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Emotional Currency, the Underlying Exchange

Our capacity to learn an emotional language and our ability to relate primarily to ourselves, as well as to others, will dictate whether or not we can learn to process, understand and indeed move on from any of our past emotionally laden experiences.
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Business partnership and teamwork symbol represented by two human heads with gears connected together as a symbol of network referrals and relationships on an old grunge parchment background.
Business partnership and teamwork symbol represented by two human heads with gears connected together as a symbol of network referrals and relationships on an old grunge parchment background.

In every exchange that takes place between us there are many layers of communication and whether it's an event or a verbal communication, there will always be some kind of an underlying emotional exchange taking place, like an emotional currency being passed between us.

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Deep down inside of ourselves, we feel these emotional exchanges taking place. However, we may not know quite how to recognize them, or how to interpret what's actually going on, especially when there's a discrepancy between the appearance of something and the way that it actually feels. When this happens we can struggle to try and comprehend or work out what is actually taking place. It doesn't help that our emotions are not visible, they are unseen and yet powerful beyond measure. Let me give you some examples of the kinds of exchanges that I'm talking about.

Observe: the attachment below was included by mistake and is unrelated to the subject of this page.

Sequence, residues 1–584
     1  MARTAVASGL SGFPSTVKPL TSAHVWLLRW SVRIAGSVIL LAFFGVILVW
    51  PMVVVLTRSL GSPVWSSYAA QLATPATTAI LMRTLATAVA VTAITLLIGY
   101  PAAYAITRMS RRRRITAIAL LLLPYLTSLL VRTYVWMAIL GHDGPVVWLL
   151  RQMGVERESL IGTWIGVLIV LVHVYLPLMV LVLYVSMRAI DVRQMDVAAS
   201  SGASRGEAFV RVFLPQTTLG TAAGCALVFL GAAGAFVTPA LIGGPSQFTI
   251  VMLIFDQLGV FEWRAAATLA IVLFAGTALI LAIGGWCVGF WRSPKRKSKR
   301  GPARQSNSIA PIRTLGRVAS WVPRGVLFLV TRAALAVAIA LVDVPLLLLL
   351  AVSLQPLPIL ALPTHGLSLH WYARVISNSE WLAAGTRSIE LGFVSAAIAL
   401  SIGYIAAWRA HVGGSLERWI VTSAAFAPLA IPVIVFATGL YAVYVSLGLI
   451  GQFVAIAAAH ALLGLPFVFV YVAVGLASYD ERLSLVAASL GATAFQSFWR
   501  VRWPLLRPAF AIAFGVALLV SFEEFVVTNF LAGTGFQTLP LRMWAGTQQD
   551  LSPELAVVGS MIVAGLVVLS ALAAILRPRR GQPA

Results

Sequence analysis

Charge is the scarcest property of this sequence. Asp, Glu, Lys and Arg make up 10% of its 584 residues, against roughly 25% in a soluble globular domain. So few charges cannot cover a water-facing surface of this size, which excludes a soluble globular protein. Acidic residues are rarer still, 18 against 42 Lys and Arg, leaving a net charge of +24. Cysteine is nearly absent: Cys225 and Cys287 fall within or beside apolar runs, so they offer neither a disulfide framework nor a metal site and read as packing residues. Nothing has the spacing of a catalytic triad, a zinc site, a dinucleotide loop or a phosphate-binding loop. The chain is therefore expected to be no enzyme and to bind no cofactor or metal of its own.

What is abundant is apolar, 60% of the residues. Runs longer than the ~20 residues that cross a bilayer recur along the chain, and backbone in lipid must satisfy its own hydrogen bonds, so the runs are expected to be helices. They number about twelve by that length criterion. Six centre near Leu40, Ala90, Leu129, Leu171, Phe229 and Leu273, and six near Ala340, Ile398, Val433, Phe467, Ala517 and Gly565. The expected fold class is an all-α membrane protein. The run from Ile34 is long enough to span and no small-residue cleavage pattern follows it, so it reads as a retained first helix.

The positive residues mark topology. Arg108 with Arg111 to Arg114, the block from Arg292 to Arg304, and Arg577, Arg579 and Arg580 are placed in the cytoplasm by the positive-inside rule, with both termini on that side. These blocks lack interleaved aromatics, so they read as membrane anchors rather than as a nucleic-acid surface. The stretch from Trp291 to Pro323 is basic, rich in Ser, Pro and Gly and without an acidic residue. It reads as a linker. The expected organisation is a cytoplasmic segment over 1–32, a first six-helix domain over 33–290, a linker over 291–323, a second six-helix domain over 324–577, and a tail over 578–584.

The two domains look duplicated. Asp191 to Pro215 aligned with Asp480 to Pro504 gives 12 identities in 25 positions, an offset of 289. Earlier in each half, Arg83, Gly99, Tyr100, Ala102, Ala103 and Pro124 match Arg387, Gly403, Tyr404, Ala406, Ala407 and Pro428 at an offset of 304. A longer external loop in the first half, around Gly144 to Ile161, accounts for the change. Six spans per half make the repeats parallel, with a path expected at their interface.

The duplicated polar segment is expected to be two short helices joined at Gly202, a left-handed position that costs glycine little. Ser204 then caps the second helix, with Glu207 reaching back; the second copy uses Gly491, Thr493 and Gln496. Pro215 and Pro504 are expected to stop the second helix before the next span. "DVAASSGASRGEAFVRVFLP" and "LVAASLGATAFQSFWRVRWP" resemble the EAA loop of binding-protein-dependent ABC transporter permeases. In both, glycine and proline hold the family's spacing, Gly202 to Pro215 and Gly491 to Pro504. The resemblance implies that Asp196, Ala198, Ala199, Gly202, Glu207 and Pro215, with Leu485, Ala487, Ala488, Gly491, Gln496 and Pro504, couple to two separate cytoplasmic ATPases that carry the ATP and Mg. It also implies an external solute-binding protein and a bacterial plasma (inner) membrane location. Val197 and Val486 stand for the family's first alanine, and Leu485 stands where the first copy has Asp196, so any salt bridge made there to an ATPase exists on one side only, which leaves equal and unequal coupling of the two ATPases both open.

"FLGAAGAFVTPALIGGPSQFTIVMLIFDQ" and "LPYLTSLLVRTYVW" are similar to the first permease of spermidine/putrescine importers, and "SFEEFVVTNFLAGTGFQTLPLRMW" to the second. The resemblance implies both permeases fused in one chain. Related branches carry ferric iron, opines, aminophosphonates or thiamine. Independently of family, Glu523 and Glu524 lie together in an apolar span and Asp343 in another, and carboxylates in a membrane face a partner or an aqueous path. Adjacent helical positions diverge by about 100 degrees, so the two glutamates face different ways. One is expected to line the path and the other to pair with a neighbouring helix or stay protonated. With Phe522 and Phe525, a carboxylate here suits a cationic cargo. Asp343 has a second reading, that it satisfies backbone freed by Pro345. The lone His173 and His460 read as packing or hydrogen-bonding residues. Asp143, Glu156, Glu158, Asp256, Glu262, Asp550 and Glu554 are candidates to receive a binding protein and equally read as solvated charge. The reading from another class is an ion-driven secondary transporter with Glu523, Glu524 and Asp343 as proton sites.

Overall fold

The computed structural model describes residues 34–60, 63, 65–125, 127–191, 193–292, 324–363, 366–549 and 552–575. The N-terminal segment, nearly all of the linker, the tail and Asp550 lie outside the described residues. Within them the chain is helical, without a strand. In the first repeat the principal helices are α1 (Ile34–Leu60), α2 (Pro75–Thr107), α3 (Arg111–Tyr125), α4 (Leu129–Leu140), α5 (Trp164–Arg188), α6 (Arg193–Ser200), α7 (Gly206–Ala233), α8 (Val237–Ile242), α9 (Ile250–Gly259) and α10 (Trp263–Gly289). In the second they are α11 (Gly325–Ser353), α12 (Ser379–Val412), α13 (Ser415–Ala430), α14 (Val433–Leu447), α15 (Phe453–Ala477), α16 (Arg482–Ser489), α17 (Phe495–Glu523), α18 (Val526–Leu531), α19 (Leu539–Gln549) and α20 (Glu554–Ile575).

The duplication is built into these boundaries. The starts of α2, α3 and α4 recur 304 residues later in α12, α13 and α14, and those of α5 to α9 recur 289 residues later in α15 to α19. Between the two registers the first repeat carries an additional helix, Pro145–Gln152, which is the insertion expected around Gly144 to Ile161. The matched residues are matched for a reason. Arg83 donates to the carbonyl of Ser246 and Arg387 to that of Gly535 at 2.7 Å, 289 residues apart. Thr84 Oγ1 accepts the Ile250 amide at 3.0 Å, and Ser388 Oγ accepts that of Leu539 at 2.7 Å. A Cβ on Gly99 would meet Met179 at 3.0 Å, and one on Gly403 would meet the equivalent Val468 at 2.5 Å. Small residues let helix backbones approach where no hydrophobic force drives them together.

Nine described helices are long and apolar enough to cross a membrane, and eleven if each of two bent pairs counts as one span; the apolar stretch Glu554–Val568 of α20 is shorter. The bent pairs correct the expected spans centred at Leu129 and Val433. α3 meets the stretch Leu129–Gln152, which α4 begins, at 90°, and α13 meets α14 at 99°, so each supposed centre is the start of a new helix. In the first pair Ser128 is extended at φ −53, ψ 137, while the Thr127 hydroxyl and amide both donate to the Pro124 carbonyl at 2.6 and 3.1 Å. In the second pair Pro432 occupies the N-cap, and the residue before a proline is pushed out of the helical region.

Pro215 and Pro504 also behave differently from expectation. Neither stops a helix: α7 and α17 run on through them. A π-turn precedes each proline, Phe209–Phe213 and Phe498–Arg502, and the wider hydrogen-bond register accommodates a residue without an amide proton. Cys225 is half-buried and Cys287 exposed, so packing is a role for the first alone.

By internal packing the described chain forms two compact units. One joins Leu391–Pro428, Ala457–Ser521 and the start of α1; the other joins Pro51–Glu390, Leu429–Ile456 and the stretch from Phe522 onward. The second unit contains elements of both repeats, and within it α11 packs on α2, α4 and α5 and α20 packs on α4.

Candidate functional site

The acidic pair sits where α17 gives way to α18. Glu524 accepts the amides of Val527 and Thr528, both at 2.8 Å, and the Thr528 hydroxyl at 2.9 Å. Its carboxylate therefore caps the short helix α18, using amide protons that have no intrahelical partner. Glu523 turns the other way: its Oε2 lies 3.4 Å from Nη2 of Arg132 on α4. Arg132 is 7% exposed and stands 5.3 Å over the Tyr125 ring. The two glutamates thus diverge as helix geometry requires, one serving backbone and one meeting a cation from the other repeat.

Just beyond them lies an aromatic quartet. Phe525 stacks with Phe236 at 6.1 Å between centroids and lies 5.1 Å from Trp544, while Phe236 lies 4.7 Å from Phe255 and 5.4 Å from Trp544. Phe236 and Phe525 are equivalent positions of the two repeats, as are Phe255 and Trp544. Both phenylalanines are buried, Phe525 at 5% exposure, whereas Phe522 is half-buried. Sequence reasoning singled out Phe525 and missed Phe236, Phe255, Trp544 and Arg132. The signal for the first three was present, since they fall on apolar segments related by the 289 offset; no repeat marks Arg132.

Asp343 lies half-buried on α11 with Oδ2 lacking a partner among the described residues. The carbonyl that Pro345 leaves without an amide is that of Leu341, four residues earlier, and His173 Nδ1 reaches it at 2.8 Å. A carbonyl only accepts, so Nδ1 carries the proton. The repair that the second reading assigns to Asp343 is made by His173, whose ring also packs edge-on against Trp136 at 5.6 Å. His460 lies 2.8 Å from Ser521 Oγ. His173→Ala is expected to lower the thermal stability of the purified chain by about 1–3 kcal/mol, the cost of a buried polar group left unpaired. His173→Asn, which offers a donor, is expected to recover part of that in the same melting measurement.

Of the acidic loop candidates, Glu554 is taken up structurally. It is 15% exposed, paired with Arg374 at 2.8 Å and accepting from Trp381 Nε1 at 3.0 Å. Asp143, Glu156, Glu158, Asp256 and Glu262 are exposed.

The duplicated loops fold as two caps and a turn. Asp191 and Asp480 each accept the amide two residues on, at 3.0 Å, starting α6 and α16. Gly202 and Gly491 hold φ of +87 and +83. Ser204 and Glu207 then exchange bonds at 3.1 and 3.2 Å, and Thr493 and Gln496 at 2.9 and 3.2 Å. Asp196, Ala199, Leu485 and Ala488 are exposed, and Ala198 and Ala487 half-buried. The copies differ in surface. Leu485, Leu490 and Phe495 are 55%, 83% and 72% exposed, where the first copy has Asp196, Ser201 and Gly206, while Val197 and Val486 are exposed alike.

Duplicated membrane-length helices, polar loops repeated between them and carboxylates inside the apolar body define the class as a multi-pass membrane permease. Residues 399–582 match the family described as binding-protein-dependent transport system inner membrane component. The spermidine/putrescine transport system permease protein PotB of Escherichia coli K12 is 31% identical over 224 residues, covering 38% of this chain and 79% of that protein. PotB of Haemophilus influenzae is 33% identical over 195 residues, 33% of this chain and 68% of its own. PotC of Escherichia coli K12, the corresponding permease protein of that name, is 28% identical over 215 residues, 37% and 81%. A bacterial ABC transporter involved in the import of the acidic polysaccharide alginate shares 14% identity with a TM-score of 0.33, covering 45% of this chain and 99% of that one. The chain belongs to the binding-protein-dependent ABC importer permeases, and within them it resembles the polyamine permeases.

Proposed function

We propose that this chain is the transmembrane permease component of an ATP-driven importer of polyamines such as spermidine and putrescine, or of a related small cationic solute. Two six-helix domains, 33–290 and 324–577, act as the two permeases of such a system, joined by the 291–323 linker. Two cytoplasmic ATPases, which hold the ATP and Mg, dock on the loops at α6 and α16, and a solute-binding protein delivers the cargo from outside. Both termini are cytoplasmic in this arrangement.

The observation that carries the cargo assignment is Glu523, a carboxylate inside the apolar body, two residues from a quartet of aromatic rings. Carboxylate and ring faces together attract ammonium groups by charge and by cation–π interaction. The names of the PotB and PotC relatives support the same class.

If I were to give a gift to somebody, and I gave it freely with joy, love and appreciation, then when they receive that gift, they will also receive the emotional gift. They will receive the emotional package of joy and love and appreciation. It will feel good.

However, if I were to give the same gift to somebody, but I gave it out of guilt, obligation and duty, then even though the event may appear to be exactly the same, the emotional package that comes with it will create a completely different exchange. It won't feel the same.

Let's say that I were then to give the very same gift to somebody but I chose to do so, but with an ulterior motive, with a plan in mind, so that at a later date I could call in a favor. Like scoring brownie points in advance, a gesture given, knowing full well that I intend to manoeuvre somebody into a position at a later date where they would feel obligated to give me what I want. The gift may appear to be delightful; however the emotional package that comes with it is absolutely loaded.

The outcome of this kind of exchange will be determined by the awareness of the receiver and of their ability to process, to know, and to understand what is actually being given to them. It will depend upon their ability to recognize the underlying emotional currency and this will depend upon the extent of their own emotional language and their ability to recognize and relate to their own emotional experience. Even as adults we can struggle to see exactly what is going on, however, when we are children, these kind of laden exchanges create real difficulty in the development of trust.